Plantar Fascilitis / Heal Spear
These are the two most common cause of pain of the heel and arch of the foot. Also see Orthotics.
Plantar Fascilitis is the painful inflammation of the plantar fascia. The plantar fascia is a thick ligamentous / fibrous band on the bottom of the foot that is attaches to the heel and insert into the ball of the foot. The pain usually occurs at the heel on standing or walking, however can occur anywhere on the plantar fascia.
Heel Spur: Long standing inflammation of plantar fascia causes the deposition of calcium at the point where it inserts into the heel. This results in the appearance of a sharp thorn like heel spur on x-ray. Symptoms include a dull ache which is felt most of the time with episodes of a sharp pain in the centre of the heel or on the inside margin of the heel that can radiate into the arch.
Achilles tendonitis is a painful condition caused by the inflammation of the Achilles Tendon. The Achilles tendon attaches the heel of the foot to the calf muscles allowing the movement of plantar flexion or pointing of the foot.
Symptoms include pain which may be present at the Achilles tendon, normally 4 inches above the heel, during activity and may also increase once activity has ceased. Tenderness can usually be felt along the course of the tendon and in some cases there may be the presence of a localized nodule (small sack of fluid) on the tendon. Another sign to look for is that the soles of shoes tend to wear out quickly around the heel region.
Shin Splints usually applies to pain in the front of the leg, occurring between the ankle and the knee normally 3-16cm above the foot. It is effectively an inflammatory reaction involving the deep tissues of the lower leg and may involve tendons & muscles. The pain is usually initiated by walking, running, or jumping. The pain cam occur anteriorly or medially (the inner side).
Anterior Shin Splints: The Tibialis Anterior Muscle runs at the front of the shin to the foot allowing your foot to flex upwards towards the shin. If the foot and leg are biomechanically correct this muscle functions efficiently and without pain. When inflamed it causes pain. Inflammation can occur when the foot is pronated (the foot rolls inwards) causing tiny tears in the muscle.
Posterior Shin Splints: The Soleus and the Tibialis Posterior muscle attached around the back of the knee running down the back and inner side of the leg attaching to the foot. On pronation of the foot (the foot rolls outward), these muscles are forced to become twisted causing tiny tears or "pulled" producing pain.
Patellofemoral Pain Syndrome is a common cause of pain around the knee cap. When the knee bends or straightens, the knee cap (patella) glides in a special groove on the femur / thigh bone called the 'Patellofemoral groove', controlled by the quadriceps (thigh) muscles. The patella can stray from this path (usually towards the outside of the knee) due to tight quadriceps or biomechanical problems from over pronation of the foot (flat foot). This produces abnormal stresses on the under-surface of the patella that can cause knee cap pain.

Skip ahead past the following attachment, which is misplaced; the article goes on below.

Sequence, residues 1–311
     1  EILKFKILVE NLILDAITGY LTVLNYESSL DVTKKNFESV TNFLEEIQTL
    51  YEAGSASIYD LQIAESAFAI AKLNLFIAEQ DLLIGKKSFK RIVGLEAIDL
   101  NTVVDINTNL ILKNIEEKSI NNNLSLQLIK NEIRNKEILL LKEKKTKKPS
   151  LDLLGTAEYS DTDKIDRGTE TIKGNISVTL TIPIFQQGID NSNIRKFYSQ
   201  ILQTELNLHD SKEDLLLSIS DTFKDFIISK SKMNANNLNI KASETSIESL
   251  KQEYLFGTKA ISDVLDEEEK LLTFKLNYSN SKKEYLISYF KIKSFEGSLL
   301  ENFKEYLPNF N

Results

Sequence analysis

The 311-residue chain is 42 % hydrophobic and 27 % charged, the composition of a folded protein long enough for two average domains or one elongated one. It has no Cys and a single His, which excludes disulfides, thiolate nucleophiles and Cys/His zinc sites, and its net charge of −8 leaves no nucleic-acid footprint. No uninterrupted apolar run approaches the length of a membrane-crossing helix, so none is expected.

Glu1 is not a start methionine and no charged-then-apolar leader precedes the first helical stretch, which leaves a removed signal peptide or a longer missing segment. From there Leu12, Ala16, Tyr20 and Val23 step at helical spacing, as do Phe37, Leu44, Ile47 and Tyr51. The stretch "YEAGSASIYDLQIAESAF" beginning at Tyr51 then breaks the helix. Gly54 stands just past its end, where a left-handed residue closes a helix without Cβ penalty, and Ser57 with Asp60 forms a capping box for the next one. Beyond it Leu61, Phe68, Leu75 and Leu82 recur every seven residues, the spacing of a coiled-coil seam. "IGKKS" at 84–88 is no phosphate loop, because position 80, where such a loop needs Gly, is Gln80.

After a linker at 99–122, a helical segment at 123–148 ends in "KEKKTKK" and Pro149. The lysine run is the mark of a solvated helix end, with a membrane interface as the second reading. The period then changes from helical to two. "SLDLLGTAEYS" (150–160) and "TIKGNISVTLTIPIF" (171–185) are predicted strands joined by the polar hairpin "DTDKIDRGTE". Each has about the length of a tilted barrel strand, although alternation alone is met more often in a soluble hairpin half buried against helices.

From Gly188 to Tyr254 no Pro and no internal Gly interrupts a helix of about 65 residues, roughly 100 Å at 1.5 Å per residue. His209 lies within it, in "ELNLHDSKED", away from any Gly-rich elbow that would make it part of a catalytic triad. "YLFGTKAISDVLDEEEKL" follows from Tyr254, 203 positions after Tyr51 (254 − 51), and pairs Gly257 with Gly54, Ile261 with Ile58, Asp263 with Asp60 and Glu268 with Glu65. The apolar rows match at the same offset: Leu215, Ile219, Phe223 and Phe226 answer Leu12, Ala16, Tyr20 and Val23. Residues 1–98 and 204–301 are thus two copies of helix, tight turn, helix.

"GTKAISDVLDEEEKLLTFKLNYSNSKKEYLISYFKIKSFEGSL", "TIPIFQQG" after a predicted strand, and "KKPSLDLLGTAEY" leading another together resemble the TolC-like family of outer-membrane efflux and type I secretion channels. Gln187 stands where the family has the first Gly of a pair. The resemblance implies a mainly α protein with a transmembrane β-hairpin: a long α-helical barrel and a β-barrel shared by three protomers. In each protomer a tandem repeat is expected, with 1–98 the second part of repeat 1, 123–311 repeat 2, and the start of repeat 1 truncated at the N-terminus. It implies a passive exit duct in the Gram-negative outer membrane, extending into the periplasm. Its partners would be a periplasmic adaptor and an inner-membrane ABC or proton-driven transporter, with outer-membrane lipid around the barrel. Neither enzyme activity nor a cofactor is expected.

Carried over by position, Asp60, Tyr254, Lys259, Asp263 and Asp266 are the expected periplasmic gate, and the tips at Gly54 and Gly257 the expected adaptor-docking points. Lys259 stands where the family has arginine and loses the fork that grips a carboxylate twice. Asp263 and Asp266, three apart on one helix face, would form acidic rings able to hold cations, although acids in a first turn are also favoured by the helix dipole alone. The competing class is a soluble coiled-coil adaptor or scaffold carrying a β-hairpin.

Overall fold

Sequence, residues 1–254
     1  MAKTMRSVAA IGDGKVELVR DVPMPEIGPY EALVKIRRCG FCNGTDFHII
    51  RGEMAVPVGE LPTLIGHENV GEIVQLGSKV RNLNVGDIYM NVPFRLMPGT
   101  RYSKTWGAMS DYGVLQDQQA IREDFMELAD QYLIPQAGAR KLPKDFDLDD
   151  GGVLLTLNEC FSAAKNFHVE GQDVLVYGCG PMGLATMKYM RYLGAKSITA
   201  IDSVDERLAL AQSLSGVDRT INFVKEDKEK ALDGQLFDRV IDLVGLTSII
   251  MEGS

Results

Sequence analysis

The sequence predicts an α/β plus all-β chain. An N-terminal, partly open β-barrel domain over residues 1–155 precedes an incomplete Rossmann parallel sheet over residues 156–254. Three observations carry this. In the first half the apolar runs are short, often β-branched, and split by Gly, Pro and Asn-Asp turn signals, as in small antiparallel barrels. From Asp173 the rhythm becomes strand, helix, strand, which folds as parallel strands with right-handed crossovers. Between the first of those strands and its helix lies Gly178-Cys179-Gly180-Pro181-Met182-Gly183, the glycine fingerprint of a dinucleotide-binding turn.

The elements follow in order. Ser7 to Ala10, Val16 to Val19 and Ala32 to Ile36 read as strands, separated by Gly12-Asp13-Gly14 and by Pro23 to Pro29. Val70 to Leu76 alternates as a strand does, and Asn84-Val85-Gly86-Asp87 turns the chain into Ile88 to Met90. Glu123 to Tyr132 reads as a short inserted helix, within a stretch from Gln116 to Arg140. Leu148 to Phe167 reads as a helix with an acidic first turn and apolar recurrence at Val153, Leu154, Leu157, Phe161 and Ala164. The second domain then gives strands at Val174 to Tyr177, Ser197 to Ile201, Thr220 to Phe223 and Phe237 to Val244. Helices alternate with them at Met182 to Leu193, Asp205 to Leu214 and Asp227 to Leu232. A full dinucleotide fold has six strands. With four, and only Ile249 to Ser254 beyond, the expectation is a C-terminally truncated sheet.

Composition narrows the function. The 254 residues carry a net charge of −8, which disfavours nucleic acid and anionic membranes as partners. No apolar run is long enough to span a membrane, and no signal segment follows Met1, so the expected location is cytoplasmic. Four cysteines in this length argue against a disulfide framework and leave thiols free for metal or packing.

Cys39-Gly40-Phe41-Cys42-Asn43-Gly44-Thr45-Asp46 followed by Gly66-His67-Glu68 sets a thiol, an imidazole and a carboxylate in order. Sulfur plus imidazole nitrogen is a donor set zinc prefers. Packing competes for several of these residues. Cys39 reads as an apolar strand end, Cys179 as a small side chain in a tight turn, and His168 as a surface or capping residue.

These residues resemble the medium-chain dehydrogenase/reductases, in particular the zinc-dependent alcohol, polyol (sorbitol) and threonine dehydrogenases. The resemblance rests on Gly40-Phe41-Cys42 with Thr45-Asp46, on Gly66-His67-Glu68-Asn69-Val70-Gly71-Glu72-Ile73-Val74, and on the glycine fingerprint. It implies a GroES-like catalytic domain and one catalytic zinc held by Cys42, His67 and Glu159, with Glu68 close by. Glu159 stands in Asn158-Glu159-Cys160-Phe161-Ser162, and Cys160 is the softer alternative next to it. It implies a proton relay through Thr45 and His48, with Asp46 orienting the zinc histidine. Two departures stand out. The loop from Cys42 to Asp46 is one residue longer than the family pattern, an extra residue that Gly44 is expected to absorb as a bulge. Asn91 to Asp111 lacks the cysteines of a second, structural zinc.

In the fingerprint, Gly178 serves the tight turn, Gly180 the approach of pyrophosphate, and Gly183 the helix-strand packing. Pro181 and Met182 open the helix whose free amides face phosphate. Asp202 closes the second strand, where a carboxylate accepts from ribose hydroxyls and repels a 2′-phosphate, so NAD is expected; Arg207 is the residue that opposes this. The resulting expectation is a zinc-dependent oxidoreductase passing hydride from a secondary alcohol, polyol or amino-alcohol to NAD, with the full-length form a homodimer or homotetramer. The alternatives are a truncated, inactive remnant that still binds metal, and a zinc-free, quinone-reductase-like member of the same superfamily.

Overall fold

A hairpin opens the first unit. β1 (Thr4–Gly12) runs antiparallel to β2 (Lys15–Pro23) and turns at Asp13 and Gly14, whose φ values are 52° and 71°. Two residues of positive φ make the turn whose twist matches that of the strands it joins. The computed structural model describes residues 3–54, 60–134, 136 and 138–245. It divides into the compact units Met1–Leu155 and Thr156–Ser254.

Signs & Symptoms
Iliotibial Band Syndrome
The Iliotibial Band is a dense fibrous band of tissue that originates from the pelvis and extends down the lateral (outside) portion of the thigh to below the knee. Iliotibial band syndrome (ITBS) is the result of inflammation and irritation of the distal (lower) portion of the Iliotibial tendon as it rubs against the outside of the knee, or less commonly, the greater tuberosity at the hip region.
Morton's Neuroma, is a benign soft tissue mass that forms on the nerve which runs between the metatarsals (normally between the 3rd and 4th toes), in the ball of the foot.
When two metatarsal bones rub together, they pinch the nerve that runs between them. This repeated pinching, or repeated injury to the nerve, will cause the nerve to swell, and eventually a benign mass occurs at the site of the repeated injury.
Signs & Symptoms
Localized sharp or dull pain in the interspace between the third and fourth toes worsened by wearing shoes and by walking.
A bunion is a complex deformity that results in a bump that develops on the inner side of the foot, in the area where the big toe and the bone it connects to (called the first metatarsal) meet or the turning inward of the big toe, so that it presses against the second toe.
Bunions are a progressive deformity, and if left untreated the bump will become larger, and the big toe will eventually lie over or under the second toe.
The normal foot arch acts as a shock absorber for our body.
With every step we place up to four times our body weight on the foot, depending on whether we are walking, running, or jumping.
Without this shock absortion the force of each step will eventually cause damage to the bones, liganments and muscles of the foot, leg, and lower back.
If left untreated, the foots bones could collapse thus unable to act as a shock absorber resulting in pain in the foot, and eventually the knee, hip, and lower back.
Pronation is the inward roll of the foot during normal motion and occurs as the outer edge of the heal strikes the ground and the foot rolls inward and flattens out. A moderate amount of pronation is required for the foot to function properly. However, when excessive pronation does occur the foot arch flattens out and stretches the muscles, tendons and ligaments underneath the foot.
If left untreated, pronation may be the cause of heel spurs, plantar fasciitis, frequent ankle sprains, shin splints, weak and painful arches, and eventually knee, hip, lower back pain and even headaches.
Our Osteopaths can assess the biomechanics of the feet and body and prescribe bespoke orthotics for the individual, exercises and treatment to prevent these problems.